BySarah Whites-Koditschek/Wisconsin Public Radio |
It is mid-March, and two researchers trudge on snowshoes through feet of snow on a wooded trail, dragging a small plastic sled full of equipment. Scientist Carl Watras’ snowshoes are rigged with rubber from bicycle tires to bind the webbed contraptions to his feet. His research assistant, Jeff Rubsam, runs ahead to guide the sled down a steep, snowy slope towards a frozen lake. Watras descends, planting one long leg slowly after another. Watras has been making this trek for 32 years.
A rural water supply main doesn’t run by Jamie and Bradley Stephens’ southwest Iowa home in Mills County. “If it did, I would hook into it in a heartbeat,” said Jamie Stephens, as she battled in late May to get safe drinking water from a well overtopped for a week this spring by Missouri River floodwaters. Contamination of private well water in southwest Iowa from human and natural causes is a problem even in dry times. But in this year of prolonged flooding, well owners have heightened concerns and are keeping county health officials busy testing water for contaminants such as coliform and E. coli bacteria, nitrates and arsenic. More well owners are availing themselves of the Iowa Department of Natural Resources program that pays for private well testing.
BySophia Schillinger and Sabine Martin /IowaWatch and the Cedar Falls Tiger Hi-Line |
Guidelines for what’s safe to eat when it comes to the fish we catch vary in each state. Also, despite fish sampling by the states, knowing where to fish is hard because fish from only a few waterways where people fish are tested each year, an IowaWatch/CedarFalls Tiger Hi-Line/Science in the Media investigation showed.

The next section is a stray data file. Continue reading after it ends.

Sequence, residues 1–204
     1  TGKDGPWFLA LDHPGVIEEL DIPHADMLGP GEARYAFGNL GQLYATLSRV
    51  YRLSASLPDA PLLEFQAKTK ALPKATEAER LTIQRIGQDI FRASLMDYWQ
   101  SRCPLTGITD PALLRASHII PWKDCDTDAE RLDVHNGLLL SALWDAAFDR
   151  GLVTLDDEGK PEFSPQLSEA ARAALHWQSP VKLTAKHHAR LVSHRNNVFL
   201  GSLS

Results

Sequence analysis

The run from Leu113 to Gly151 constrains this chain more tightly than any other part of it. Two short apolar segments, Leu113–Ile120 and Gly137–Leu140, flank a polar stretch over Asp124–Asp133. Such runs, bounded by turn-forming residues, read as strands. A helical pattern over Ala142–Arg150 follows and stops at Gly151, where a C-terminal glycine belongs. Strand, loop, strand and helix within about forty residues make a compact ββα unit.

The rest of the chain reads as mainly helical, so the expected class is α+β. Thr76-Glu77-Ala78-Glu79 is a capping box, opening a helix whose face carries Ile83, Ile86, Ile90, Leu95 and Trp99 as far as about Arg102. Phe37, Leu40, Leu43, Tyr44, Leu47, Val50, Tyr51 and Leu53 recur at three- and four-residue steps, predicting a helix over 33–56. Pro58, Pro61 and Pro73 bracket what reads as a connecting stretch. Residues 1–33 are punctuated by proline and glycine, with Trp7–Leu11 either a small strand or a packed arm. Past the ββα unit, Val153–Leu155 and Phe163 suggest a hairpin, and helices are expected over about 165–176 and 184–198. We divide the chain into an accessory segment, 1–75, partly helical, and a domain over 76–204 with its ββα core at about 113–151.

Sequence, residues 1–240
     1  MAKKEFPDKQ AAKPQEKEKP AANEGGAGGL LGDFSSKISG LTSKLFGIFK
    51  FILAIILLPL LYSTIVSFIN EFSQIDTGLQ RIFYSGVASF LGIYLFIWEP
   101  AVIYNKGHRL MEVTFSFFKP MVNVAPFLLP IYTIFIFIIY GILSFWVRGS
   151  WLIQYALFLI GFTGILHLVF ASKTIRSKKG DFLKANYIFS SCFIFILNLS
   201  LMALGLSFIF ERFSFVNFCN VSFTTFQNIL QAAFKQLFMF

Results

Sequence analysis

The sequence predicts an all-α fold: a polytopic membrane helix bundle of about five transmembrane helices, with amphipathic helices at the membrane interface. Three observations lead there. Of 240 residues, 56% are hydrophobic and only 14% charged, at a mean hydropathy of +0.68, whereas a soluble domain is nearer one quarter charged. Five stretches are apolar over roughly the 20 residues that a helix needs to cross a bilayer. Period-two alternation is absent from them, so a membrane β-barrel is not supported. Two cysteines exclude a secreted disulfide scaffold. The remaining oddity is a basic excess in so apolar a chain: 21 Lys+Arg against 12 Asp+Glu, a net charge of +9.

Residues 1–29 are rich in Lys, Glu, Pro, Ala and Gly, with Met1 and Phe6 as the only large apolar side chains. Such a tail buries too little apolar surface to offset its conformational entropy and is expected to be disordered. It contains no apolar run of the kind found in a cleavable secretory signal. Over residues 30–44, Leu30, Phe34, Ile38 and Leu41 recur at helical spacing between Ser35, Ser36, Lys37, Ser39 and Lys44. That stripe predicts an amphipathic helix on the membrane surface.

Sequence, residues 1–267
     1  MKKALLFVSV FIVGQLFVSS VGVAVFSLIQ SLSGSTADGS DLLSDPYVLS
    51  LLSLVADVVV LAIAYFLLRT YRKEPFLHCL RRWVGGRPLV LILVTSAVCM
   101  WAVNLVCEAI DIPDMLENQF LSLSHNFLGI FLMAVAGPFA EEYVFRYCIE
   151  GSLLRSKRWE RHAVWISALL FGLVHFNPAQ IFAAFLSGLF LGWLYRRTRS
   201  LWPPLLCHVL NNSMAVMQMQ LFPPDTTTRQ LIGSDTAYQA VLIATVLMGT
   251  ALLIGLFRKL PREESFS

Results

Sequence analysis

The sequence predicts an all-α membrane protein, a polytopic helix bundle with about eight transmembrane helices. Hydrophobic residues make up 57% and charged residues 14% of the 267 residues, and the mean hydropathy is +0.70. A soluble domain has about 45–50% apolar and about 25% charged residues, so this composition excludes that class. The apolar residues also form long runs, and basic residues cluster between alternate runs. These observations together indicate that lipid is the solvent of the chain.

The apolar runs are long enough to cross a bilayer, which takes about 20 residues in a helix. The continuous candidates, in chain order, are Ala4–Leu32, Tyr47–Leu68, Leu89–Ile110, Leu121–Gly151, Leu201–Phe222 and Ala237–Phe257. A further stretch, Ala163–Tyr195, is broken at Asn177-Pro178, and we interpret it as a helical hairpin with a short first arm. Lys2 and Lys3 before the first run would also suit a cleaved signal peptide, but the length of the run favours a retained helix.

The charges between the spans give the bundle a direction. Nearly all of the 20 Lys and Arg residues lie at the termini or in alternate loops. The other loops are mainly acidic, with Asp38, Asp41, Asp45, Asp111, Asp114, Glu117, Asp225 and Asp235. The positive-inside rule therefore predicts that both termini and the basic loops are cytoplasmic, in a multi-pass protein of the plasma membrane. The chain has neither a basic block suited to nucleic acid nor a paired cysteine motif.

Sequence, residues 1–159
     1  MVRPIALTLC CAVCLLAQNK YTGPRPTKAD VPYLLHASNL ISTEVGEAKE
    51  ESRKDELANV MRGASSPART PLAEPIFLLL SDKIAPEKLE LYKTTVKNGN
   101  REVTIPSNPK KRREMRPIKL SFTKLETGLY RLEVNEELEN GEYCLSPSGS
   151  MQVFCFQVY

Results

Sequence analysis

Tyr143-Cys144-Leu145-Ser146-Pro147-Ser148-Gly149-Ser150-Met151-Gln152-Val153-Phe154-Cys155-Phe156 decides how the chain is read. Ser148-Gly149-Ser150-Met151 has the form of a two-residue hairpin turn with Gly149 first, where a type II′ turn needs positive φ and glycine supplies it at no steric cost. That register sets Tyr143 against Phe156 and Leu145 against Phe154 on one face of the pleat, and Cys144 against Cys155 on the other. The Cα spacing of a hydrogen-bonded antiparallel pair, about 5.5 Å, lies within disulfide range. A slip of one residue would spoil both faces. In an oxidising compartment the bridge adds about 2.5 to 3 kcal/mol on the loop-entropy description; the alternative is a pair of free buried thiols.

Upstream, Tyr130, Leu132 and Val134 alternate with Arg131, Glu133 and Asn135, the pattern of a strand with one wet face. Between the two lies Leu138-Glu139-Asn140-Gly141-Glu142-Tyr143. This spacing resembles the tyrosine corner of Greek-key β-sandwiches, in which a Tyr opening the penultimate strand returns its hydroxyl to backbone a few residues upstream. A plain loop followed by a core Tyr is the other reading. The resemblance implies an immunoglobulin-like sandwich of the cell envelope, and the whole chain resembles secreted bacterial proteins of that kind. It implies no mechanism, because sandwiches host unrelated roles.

On a summer morning near Dayton, Ohio, a temporary worker began his first day with a commercial roofing company around 6:30 a.m.
Mark Rainey, 60, was assigned to a crew to rip off and dispose of an old bank-building roof. Within hours, as the heat index reached 85 degrees, his co-workers noticed the new guy was “walking clumsily,” then became ill and collapsed, according to documents from the U.S. Occupational Health and Safety Administration. Rushed to the hospital on Aug. 1, 2012, Rainey was diagnosed with heat stroke and a core body temperature of 105.4 degrees; he died three weeks later. For the next 6 ½ years, the circumstances surrounding Rainey’s death became a vigorously fought battle between his employer and OSHA, highlighting the lack of a clear standard on heat protection for outdoor workers.
Since the early 1980s, the Consumer Product Safety Commission has conducted a grim census, tracking reports of deaths from crashes of all-terrain vehicles, or ATVs. Now the body count has risen above 15,250, according to the agency’s latest annual report, with more than one in five of the deaths suffered by children under 16. The annual death count, which has sometimes exceeded 800, has mostly ranged from 550 to 650 in recent years. That seems like progress, but may actually be the result of riders switching to another type of off-road vehicle, called an ROV, that isn’t included in the ATV fatality reports. “The problem has not been solved,” said Rachel Weintraub, general counsel of the Consumer Federation of America (CFA).